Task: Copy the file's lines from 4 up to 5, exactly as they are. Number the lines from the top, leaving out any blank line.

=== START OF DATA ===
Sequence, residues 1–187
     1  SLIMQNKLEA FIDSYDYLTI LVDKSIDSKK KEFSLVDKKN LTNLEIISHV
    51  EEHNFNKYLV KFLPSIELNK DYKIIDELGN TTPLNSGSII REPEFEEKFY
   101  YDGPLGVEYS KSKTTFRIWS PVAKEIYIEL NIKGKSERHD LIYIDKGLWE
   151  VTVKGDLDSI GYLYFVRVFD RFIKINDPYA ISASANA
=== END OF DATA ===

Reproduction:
   101  YDGPLGVEYS KSKTTFRIWS PVAKEIYIEL NIKGKSERHD LIYIDKGLWE
   151  VTVKGDLDSI GYLYFVRVFD RFIKINDPYA ISASANA